Sunday, February 5, 2017

Plate Tectonics - 10

It is well after midnight.  My first approach at getting the erosion situation ("caterpillars" vs. worn-down mountains) resolved did not work nearly so well as I had hoped.  Careful tuning was not enough.  Either it was ineffective or it eroded land down to shoals.

Not cutting it

So I decided upon a new approach. The erosion algorithm has been split into two.  One is the "wave erosion" for coastal and island erosion. That's my very crude but rather effective method. The other part is the rain drop algorithm implemented by the original PlaTec developer, Lauri Viitanen.  Wave erosion runs more frequently than the regular erosion.  This is a fairly effective approach, although different parameters can yield different results.

Decent mountains, island chains, few "caterpillars"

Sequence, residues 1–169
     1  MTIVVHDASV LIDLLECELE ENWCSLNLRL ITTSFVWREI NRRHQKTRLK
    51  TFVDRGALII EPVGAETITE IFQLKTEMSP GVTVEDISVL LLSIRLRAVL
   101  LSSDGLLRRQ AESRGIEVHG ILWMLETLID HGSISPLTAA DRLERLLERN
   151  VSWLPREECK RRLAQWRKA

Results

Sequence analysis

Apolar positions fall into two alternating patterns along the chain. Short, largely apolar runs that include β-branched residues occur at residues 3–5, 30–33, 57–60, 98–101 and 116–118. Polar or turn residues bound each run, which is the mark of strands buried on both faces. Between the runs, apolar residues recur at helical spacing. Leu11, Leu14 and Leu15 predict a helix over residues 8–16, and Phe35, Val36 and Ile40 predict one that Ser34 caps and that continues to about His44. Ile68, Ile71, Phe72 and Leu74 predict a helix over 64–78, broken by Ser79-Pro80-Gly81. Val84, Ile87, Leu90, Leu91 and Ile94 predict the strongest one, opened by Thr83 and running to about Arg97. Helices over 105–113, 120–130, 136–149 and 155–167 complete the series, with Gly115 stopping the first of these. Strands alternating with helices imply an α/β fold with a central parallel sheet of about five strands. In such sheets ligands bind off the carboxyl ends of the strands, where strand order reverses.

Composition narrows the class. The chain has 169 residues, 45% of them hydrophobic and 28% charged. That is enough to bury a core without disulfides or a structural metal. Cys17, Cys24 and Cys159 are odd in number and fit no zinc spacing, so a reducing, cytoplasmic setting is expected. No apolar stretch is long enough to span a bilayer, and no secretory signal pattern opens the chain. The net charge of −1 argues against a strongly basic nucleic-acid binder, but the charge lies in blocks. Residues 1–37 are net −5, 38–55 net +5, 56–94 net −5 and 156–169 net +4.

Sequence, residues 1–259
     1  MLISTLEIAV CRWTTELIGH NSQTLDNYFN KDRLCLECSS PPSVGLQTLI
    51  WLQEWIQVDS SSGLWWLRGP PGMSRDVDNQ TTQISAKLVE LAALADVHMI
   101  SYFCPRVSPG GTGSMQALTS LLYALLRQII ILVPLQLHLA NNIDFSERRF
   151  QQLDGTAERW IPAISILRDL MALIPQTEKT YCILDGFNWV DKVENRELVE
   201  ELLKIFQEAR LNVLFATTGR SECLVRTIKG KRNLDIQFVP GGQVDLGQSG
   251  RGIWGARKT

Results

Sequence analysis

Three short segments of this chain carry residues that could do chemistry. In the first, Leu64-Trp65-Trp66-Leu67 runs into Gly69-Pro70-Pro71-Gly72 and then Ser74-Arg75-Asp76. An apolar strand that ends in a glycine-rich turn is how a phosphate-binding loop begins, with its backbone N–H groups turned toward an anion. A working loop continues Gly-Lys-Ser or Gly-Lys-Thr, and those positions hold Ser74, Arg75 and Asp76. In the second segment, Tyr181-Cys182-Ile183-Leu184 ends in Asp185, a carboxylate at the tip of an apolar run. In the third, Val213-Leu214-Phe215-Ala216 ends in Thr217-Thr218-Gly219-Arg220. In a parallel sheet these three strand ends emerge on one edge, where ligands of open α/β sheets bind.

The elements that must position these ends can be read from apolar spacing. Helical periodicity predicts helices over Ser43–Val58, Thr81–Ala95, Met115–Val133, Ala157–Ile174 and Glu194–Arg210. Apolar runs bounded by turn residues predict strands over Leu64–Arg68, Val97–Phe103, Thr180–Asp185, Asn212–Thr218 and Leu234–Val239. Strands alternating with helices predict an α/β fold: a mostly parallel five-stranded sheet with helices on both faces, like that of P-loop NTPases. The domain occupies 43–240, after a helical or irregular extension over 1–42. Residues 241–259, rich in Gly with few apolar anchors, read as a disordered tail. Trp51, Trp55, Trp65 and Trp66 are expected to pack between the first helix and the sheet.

I'm still not quite happy with this outcome. Some of the simulation parameters are still hard-coded constants.  I have another few hours to go integrating all the parameters shown in the GUI as true parameters that can be passed into the main simulation class.  The restart and aggregation overlap settings can really improve the compactness of the continental masses that form.  Likewise, having the fractal parameters driven from the UI (or later, a settings file) will be quite nice - as it is, I currently have to make changes to hard coded constants.  Ugh.
Parameters organized

I was testing non-power-of-two dimensions for the map and discovered a problems.  I can use whatever aspect ratio I want, but if any dimension is not an exact power of two (two raised to an integral positive power), problems ensue.  I am currently debugging this, which yielded the colorful image below.  Each of the grayscale rectangles represents the bounding box of a plate, while the red represents areas that plates have moved away from.  Those lines?  They represent an indicator that I have problems. So, either a bit more work, or forget about non-power-of-two dimensions for now.

Seeing red

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